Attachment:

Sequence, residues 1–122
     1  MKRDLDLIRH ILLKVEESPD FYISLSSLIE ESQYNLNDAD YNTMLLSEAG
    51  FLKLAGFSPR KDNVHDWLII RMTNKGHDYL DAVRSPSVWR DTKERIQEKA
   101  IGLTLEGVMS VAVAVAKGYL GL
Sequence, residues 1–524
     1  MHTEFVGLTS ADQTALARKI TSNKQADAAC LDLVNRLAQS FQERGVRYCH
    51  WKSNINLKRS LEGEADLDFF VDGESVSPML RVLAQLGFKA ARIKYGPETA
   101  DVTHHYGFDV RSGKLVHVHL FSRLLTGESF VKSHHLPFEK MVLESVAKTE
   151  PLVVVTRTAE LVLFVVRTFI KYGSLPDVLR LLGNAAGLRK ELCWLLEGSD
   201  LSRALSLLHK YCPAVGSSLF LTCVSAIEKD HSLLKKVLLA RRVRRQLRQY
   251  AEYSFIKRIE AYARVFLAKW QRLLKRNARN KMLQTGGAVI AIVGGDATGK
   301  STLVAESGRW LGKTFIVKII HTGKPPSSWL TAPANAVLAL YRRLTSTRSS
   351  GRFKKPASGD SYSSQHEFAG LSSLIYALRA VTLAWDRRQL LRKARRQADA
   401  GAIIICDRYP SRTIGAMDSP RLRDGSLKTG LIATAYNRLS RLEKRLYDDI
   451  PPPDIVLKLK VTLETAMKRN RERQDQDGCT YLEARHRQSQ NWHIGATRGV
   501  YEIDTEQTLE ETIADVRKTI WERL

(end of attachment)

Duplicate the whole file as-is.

Sequence, residues 1–122
     1  MKRDLDLIRH ILLKVEESPD FYISLSSLIE ESQYNLNDAD YNTMLLSEAG
    51  FLKLAGFSPR KDNVHDWLII RMTNKGHDYL DAVRSPSVWR DTKERIQEKA
   101  IGLTLEGVMS VAVAVAKGYL GL
Sequence, residues 1–524
     1  MHTEFVGLTS ADQTALARKI TSNKQADAAC LDLVNRLAQS FQERGVRYCH
    51  WKSNINLKRS LEGEADLDFF VDGESVSPML RVLAQLGFKA ARIKYGPETA
   101  DVTHHYGFDV RSGKLVHVHL FSRLLTGESF VKSHHLPFEK MVLESVAKTE
   151  PLVVVTRTAE LVLFVVRTFI KYGSLPDVLR LLGNAAGLRK ELCWLLEGSD
   201  LSRALSLLHK YCPAVGSSLF LTCVSAIEKD HSLLKKVLLA RRVRRQLRQY
   251  AEYSFIKRIE AYARVFLAKW QRLLKRNARN KMLQTGGAVI AIVGGDATGK
   301  STLVAESGRW LGKTFIVKII HTGKPPSSWL TAPANAVLAL YRRLTSTRSS
   351  GRFKKPASGD SYSSQHEFAG LSSLIYALRA VTLAWDRRQL LRKARRQADA
   401  GAIIICDRYP SRTIGAMDSP RLRDGSLKTG LIATAYNRLS RLEKRLYDDI
   451  PPPDIVLKLK VTLETAMKRN RERQDQDGCT YLEARHRQSQ NWHIGATRGV
   501  YEIDTEQTLE ETIADVRKTI WERL